Google - Youtube: it's all about search

Koolhaas-hunting on Youtube: this Danwei video is a frequent search target

Google's recently-announced purchase of Youtube for the cool sum of 1.6 billion dollars has excited the chattering classes of the Internet.

People are asking all kinds of things about the deal:

- Will Youtube ever make any money? - Is this is evidence of dot com bubble 2.0? - Why didn't I start a video sharing website 18 months ago?
But no one seems to be articulating the most powerful argument in favor of the deal: Youtube has already established itself as the top brand when it comes to online video search, and search is what Google is supposed to do best.

How many times in the last few months have you heard someone say something like "Jon Stewart did this thing on the Daily Show, it's excellent, just search Youtube for it". Or "You know those two Chinese kids lip-synching to a Back Street Boys song, just search for it on Youtube".

Further anecdotal evidence of the importance of search to Youtube's success: Judging from viewer email and comments on our Youtube page, many viewers see our videos after searching Youtube for terms like 'Beijing' and 'Chinese'.

Thanks to its early starter advantage and ease of use, Youtube has become the one online video website that everybody knows. The buzz about the Google deal can only increase the strength of the Youtube brand.

Acquiring Youtube means that Google now owns the leader of video search.

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There are currently 6 Comments for Google - Youtube: it's all about search.

Comments on Google - Youtube: it's all about search

Does Google's acquisition of YouTube mean that we can look forward to future censorship?

THM's comment is not fair for poor Google. If Google makes a Chinese Youtube, we'll all scream bloody mary at the first hint of censorship, but we'll shrug our shoulders when Murdoch censors the content of a Chinese Myspace.

What you can probably look forward to is the future blocking of YouTube by the Chinese government, which, I would guess, is simply a matter of time. It seems unlikely that Google would decide itself to make YouTube unavailable in China (even though they did that with Google Video) because they'd end up roasted in the court of public opinion again, something they probably can't really afford right now.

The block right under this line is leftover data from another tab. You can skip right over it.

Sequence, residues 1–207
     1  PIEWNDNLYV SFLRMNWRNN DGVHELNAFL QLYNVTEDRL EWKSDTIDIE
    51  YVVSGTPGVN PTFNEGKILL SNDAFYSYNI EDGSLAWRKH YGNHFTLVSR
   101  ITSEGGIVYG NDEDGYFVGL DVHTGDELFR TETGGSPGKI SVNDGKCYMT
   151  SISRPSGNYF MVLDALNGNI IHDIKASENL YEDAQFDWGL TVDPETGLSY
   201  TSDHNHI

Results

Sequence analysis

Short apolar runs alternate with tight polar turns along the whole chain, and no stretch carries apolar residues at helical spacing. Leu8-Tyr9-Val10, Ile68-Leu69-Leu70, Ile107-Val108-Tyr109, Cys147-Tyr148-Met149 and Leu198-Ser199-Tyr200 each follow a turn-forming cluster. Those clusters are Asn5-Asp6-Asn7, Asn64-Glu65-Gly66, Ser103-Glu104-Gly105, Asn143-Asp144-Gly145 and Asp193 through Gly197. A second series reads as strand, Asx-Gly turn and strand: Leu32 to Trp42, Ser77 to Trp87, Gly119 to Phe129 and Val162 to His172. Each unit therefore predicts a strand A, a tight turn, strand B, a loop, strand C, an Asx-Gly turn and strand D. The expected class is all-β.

Jeremy is right: The point behind acquiring YouTube would seem to be to get ahold of its millions of daily searches and tie them into Google's ad services. Of course, this could have been done with a licensing deal. So for some reason Google seems to have really decided to drop all pretense and become a media company. It really already was a media company, but as long as it rode on the backs of other people's content it could maintain a polite fiction that it wasn't, which was probably useful from a regulatory and legal point of view (their book scanning project and Google Video were already undermining this, but in a low profile way). They can expect to absorb a lot of extra legal and business complexity as a result of this decision.

Jeremy is also right that YouTube is the video sharing site of record. But the problem is that video sharing has no network effect. Unlike an auction site where the size of the usership tends to reinforce a natural monopoly, video sharing has a low barrier to switching. All that is important is that a site be accessible, fast and easy to use. After that, I can point someone to a video on, say, Tudou (or wherever) as easily as I can point them to YouTube. Jeremy himself has taken advantage of this to cross-host Danwei TV videos.

What this means is that YouTube and Google will be under extreme pressure to make sure that they don't do anything that annoys YouTube's users, and they will have to work hard to ensure that YouTube stays a better service than the hungry competitors, in terms of quality, usability, speed, usefulness of search returns, etc.

Google's resources would seem to be useful for that. But, lest anyone have forgotten, Google Video was ke-rap of the first degree. So I'll withold my bet for the moment.

It'll be interesting to watch.

I wouldn't be surprised if we soon start getting letters from Google attorneys ordering us to cease and desist from using phrases like 'Youtube it', like they did to people who wrote about 'googling' something.

I will be interesting to see how Google changes You Tube. Google has their own video service and I've actually found it superior quality to You Tube. However, Google Video is much more strict about what gets uploaded. While I was in the states, I tried to upload on Google Video a local Chinese newscast of my wedding to show friends back home. They rejected it three times and I gave up. You Tube is popular the many uploaded excerpts from television. Those aren't allowed on Google Video. Also, you have to pay a fee to see many of the music videos. If Google applies the same strict standards that they apply to their video service, they avoid being sued but they will also make You Tube a lot less interesting and it will lose a lot of its reason for being.
Also, I just recently returned here in China. When I try to view the videos I've uploaded I got this message:

"Thanks for your interest in Google Video.

Currently, the playback feature of Google Video isn't available in your country.

We hope to make this feature available more widely in the future, and we really appreciate your patience."

Here in China, it may not be the Chinese authorities who prevent us from seeing videos uploaded on You Tube. It might be Google.

Totally sounds like when Yahoo bought for US$6 billion . Web 2.0 = internet bubble 2.0

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